The arcosolium appears to have been built in a hurry, together with the wall which sealed its opening,— a particular which agrees well with the account of the burial. Raphael died in the night between Good Friday and Easter Eve (1520). His remains were laid to rest on the following night, and the wall which seals the opening of the crypt must have been finished before dawn ; that is to say, before the Easter office began. Every kind of material was used in it, bricks, tufa, travertine, and chips of porphyry and serpentine.

At noon of the 14th of September, 1833, the last stone was removed, and the excited assembly beheld for the first time the remains of the " divine painter.” They were lying in a coffin made of deal boards nailed with small iron nails. It seems that the waters of the Tiber, by which the Pantheon is periodically inundated, had filtered into the tomb, in spite of its being surrounded by a wall two feet thick, and had caused the wooden coffin to decay, and the bones to be covered by a layer of mud. The first bones to appear were the right scapula and the crest of the right ileus. At 2.25 P. M., Gaspare Servi announced the discovery of the skull, the leading feature of which was a double set of strong, healthy, shining teeth. At 2.30, Baron Camuccini, the painter, made a pencil sketch of the skeleton, which shows that the body had been laid to rest well composed, with hands crossed on the breast, and the face looking up towards the Madonna del Sasso, as if imploring from her the peace of the just. The size of the skeleton, from the vertex of the skull to the protuberance of the heel, was measured by means of a wooden compass of the kind used by marble-cutters : it was given at sixteen hundred and sixty-four millimetres, exactly eight times the measure of the head. The sceletognosis, or expert examination of the bones, was made by the “ last of the Frangipanis,” the learned surgeon Baron Antonio Trasmondo, Among the peculiarities described in his report, there is a " great roughness of the thumb ” which is characteristic of painters.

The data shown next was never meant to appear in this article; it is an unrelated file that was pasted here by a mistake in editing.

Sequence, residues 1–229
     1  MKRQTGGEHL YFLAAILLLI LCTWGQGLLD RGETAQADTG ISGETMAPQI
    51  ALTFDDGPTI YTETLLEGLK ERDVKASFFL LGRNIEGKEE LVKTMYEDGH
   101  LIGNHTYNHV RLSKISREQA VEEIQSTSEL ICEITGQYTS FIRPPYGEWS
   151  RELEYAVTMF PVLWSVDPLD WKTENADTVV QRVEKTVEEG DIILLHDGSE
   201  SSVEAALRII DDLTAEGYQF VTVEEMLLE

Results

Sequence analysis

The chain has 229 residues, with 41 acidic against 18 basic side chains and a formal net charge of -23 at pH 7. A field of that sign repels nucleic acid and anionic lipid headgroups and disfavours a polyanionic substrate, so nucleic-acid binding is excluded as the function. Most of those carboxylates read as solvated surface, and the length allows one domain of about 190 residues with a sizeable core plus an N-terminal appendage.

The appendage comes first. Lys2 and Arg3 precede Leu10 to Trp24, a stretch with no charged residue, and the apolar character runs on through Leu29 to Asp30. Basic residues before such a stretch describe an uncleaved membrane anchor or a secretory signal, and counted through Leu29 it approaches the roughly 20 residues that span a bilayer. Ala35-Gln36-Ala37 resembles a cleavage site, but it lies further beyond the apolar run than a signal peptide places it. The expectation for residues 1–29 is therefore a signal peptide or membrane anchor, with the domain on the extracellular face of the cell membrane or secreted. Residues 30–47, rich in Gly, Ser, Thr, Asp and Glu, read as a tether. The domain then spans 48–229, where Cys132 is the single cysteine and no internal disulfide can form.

The paper of attestation was signed by seventy - one eminent men, among whose names I notice that of Carlo Fea, who had always denied the existence of Raphael’s tomb in the Pantheon. When he was shown the tomb and the skeleton, the gruff but honest veteran of Roman excavations was heard to say, “ Ergo erravimus ! ”

The mud which filled the arcosolium was sifted most carefully, with no result worthy of notice. The missing tooth of the lower jaw (the last molar on the left) was not found. There were, however, some tags and small rings for lacings, which proves that Raphael was buried in his official robe of cubicularius pontificis, a copy of which is given by some contemporary painters.

After being exposed in a glass case for some days, Raphael’s remains were again buried under the Madonna del Sasso, near those of Maria da Bibiena, his betrothed, the niece of the wellknown Cardinal Bernardo Divizio, as the inscription over the girl’s grave says : LÆTOS HYMNEOS MORTE PRÆVERTIT. ET ANTE NUPTIALES FACES VIRGO EST ELATA.

Rodolfo Lanciani.

  1. Il Pantheon e le Terme di Agrippa. Prima Relazione a sua Eccellenza il Ministro della Istruzione pubblica. Roma: Salviucei. Ottobre, 1881. Id. id. Seconda Relazione, Agosto, 1882.
  2. The inscription on the pronaos.
  3. Un monumento ... della basilica di S. Paolo, Roma.
  4. The wooden framework of the roof of the portico is an innovation of the seventeenth century ; the original trusses were cast in bronze.
  5. Gigli affirms that the metal “ was copiously mixed with silver and gold.”
  6. The first members of this artistico-religious company were Ligorio, Labacco, Sieciolante, Vignola, Pierino del Vaga, Giovanni da Udine, etc.